Archive for March, 2008

Using computers to teach

March 17, 2008

When I was a kid, we used to get sent to the library in groups to listen to a story playd on a tape (or more likely a record player). Then we were given a ditto sheet (ah… remember ditto sheets? That smell?) with questions to answer about the story we had just heard. And that, in a nutshell, was “education technology.”

There has been a major push in the last decade to wire schools and classrooms. Connect them to the Internet, load them up with donated computers, etc. But most of the content delivered in this way isn’t much more than what we got from the record player and the ditto sheet, only it’s slightly more interactive and delivered over the Internet or from a CD-ROM.

Fast ForWord is one product that is different because it’s not just using the computer do something faster or even more efficiently than it could be done without the computer. It’s using the computer to do something that’s not possible without the computer. From the delivery of modified speech stimuli to the thousands of precise, adaptive trials, Fast ForWord isn’t just using a computer to deliver content more efficiently than a teacher; it’s delivering brain-changing exercises that a human being flat out can’t deliver. No that, to me, is real education technology.

And as a bonus, by increasing students’ memory and attention skills, Fast ForWord actually sets kids up to better absorb the content delivered by great teachers.

Scientifically-based research

March 2, 2008

The Fast ForWord programs have undergone numerous research studies to establish and validate the impressive improvements that students make after training with the programs. From the initial university-based foundational research, to field trials conducted by Scientific Learning; from subsequent peer-reviewed studies of efficacy, to formal assessments conducted by school districts around the country, there is probably no more thoroughly researched educational product on the market.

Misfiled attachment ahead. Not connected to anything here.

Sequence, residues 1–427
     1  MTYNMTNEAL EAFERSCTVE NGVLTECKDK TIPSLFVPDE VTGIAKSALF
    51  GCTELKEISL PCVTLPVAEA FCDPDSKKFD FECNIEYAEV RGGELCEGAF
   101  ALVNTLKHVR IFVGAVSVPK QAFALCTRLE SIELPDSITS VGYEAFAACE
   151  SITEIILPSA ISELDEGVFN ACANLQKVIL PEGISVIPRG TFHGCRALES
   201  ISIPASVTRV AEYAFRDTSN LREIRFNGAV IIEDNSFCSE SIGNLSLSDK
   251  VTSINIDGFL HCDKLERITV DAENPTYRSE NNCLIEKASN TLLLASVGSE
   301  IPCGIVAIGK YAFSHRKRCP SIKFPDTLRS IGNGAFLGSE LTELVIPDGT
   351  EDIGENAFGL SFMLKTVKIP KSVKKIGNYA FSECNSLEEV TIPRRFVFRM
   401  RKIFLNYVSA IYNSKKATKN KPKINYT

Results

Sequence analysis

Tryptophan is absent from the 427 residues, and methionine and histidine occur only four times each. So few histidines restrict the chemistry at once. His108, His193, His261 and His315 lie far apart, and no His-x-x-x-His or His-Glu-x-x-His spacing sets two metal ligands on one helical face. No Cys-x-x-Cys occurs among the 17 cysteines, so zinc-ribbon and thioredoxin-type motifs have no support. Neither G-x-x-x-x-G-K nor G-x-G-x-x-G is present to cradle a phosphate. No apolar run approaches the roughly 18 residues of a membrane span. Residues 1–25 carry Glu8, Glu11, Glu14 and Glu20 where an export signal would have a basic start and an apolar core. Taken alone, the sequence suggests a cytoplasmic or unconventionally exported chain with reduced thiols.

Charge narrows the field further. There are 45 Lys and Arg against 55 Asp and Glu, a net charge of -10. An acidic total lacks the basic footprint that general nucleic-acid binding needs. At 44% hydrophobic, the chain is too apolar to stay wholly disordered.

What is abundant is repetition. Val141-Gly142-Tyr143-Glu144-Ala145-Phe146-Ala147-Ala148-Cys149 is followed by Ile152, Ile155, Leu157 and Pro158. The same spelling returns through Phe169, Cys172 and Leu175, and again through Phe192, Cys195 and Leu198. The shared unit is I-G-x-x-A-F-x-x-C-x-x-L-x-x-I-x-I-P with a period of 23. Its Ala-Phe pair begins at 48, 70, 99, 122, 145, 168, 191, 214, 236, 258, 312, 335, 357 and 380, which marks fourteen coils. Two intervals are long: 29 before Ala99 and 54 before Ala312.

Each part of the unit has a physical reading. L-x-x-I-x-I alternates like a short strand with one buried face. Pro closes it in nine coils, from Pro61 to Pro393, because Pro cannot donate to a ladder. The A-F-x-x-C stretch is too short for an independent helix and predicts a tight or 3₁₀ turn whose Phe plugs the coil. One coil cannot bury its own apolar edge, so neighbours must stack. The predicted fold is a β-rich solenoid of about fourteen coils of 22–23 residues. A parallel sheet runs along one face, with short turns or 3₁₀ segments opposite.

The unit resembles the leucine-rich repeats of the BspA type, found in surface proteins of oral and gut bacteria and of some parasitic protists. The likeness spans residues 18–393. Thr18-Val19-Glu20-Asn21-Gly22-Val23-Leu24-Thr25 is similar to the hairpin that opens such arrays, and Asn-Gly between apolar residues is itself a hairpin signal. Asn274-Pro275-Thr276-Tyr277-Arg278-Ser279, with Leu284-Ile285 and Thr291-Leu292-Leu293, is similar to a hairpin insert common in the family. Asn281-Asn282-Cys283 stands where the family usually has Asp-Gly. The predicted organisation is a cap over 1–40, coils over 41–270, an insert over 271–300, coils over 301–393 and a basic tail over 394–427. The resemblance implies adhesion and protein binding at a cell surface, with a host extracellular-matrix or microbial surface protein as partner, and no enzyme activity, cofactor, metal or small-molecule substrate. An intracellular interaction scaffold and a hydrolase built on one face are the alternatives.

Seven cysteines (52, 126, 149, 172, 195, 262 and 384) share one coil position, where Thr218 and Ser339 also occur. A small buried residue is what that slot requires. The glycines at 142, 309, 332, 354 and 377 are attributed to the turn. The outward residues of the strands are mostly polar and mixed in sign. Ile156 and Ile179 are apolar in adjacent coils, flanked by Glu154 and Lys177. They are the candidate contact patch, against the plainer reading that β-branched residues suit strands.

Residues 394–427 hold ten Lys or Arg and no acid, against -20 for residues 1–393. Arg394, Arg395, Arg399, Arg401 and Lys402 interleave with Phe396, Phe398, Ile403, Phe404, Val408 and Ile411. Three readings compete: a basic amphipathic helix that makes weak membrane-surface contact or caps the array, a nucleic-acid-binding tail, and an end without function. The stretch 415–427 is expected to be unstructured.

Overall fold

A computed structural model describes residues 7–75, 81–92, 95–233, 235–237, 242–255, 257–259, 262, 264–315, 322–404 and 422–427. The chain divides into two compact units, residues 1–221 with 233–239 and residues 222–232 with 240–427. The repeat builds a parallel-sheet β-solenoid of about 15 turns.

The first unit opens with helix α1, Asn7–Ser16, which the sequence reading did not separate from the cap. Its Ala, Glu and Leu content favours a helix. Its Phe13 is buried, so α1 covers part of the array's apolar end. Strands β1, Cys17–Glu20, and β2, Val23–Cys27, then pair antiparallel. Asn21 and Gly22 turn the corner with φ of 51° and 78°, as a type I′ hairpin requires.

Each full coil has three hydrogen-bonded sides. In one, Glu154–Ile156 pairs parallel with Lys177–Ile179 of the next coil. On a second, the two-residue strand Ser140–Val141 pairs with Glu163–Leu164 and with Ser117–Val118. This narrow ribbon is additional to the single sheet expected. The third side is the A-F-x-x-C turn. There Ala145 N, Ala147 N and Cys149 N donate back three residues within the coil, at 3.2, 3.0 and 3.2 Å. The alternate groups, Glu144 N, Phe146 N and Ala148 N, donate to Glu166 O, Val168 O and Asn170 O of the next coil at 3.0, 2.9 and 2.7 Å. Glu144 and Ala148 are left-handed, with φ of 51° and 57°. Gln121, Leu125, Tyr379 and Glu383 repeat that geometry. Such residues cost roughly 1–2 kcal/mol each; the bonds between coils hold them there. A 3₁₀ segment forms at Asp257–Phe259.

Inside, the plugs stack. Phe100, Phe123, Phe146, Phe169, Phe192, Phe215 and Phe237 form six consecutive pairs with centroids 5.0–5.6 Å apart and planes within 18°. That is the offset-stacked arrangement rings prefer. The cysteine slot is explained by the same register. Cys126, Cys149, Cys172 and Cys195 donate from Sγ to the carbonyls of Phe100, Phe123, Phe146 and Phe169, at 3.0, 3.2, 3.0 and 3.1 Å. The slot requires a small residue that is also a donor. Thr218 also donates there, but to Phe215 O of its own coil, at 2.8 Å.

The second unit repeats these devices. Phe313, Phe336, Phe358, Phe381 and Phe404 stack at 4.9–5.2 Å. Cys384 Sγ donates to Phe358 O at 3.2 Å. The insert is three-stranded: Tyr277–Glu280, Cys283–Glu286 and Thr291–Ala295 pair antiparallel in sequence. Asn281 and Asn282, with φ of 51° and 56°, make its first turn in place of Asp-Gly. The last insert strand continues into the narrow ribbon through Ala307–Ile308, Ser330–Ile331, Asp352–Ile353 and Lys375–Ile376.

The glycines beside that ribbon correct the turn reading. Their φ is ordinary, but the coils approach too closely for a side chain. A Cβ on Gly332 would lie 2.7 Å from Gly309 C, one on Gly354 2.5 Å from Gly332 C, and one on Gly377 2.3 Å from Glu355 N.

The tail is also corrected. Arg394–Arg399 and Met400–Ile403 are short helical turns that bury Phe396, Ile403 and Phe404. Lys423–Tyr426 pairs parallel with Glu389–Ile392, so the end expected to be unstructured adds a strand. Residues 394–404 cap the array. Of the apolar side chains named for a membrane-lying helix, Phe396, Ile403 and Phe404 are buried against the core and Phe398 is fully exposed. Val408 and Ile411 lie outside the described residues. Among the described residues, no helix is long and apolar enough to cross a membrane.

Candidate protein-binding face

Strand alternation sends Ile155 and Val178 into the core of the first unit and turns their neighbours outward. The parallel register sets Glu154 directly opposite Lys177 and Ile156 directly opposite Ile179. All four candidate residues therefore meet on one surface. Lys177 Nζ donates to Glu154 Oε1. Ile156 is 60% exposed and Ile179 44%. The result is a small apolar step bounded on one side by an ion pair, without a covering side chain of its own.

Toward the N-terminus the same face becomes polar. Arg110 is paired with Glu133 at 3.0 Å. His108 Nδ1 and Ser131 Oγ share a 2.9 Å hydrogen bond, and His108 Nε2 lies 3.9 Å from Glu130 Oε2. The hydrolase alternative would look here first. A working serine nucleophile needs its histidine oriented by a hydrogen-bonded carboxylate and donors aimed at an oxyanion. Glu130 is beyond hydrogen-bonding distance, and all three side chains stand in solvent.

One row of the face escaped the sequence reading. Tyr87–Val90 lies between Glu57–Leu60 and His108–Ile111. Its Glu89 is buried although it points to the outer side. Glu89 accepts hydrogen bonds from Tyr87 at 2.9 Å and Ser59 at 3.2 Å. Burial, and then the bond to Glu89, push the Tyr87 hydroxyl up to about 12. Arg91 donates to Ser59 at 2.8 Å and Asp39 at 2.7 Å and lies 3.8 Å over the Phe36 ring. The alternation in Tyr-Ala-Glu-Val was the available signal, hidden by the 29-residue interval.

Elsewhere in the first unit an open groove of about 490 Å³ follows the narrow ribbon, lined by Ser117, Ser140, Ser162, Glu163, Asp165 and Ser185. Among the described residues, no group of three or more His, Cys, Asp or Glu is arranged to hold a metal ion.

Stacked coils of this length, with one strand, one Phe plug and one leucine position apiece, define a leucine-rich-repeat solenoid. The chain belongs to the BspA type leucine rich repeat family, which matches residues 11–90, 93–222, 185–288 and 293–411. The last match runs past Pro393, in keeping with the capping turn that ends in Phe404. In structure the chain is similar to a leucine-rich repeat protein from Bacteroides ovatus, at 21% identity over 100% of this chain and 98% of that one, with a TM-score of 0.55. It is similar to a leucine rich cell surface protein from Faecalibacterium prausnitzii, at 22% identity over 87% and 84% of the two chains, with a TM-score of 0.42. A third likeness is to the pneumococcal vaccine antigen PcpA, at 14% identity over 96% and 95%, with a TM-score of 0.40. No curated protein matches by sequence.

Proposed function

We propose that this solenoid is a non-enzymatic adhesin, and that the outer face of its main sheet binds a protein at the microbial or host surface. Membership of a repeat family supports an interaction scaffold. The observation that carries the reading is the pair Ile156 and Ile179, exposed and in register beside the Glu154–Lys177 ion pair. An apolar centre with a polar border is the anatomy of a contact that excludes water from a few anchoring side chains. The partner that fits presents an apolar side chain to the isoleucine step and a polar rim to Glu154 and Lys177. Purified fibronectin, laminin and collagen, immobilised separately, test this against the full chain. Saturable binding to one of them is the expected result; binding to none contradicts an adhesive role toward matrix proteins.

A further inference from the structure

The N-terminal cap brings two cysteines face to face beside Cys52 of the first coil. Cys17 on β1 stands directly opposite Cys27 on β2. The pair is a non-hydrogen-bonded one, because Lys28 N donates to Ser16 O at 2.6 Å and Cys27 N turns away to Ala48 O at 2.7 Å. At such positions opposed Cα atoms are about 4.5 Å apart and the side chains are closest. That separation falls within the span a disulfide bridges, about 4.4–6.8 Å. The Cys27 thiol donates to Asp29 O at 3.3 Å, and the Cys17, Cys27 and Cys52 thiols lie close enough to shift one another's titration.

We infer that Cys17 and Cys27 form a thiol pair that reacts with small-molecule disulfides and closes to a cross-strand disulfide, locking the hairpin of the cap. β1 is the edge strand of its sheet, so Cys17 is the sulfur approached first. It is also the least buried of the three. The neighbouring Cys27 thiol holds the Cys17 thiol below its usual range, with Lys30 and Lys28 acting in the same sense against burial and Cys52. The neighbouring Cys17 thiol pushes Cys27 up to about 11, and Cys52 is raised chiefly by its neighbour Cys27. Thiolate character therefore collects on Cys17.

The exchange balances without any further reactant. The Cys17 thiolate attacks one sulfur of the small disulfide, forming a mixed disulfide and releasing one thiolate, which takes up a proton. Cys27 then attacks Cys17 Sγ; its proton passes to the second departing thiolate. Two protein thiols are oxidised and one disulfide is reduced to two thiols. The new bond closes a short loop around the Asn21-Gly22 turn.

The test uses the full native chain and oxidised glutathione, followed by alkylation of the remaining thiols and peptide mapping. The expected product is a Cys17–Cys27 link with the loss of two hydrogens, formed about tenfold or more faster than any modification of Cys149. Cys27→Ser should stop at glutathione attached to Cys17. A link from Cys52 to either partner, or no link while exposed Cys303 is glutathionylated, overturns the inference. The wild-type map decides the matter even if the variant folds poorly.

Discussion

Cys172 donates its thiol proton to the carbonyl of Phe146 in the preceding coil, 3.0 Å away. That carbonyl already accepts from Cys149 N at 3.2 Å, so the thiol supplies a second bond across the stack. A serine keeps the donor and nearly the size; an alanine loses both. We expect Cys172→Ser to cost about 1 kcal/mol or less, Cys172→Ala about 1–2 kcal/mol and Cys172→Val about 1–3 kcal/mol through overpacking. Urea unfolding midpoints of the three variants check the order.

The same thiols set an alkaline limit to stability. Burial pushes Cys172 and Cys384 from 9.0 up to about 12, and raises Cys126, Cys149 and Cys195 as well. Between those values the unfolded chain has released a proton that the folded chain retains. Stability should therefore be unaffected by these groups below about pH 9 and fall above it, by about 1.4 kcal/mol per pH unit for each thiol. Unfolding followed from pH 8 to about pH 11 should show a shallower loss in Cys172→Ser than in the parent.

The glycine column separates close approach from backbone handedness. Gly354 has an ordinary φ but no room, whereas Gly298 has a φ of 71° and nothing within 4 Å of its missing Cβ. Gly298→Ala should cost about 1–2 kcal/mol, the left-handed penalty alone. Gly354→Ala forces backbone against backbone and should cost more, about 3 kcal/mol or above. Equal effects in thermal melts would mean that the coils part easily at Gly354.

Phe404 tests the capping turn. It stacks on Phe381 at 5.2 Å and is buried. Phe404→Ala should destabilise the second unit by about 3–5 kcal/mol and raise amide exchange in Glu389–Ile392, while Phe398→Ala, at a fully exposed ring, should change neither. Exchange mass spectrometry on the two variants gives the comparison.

Scientific Learning makes a lot of the research available on their Web site, including studies of just about every population of students, from Title 1 to General Education. Two studies that really hit home for us, because they really go to the core of what we’re doing here at Be Amazing, looked at the impact of Fast ForWord training on Gifted and Talented (GATE) students. 

The studies were conducted by school districts in North Carolina and Tennessee. In one study, “students classified as ‘gifted’ showed significant gains in decoding and reading skills” after training with Fast ForWord. In the other, “high performing sixth graders increased overall scores and significantly exceeded expectations on state assessment tests.”

In the North Carolina study, on two subtests of decoding skills (sound blending and word attack), the students moved from near the top of the average range into the above average range (one standard deviation above the norm) after Fast ForWord training.

The details of these and other scientific studies of Fast ForWord’s efficacy are available in the Results section of Scientific Learning’s Web site. 

Be Amazing has extensive experience helping gifted and talented students reach their full potential with Fast ForWord.

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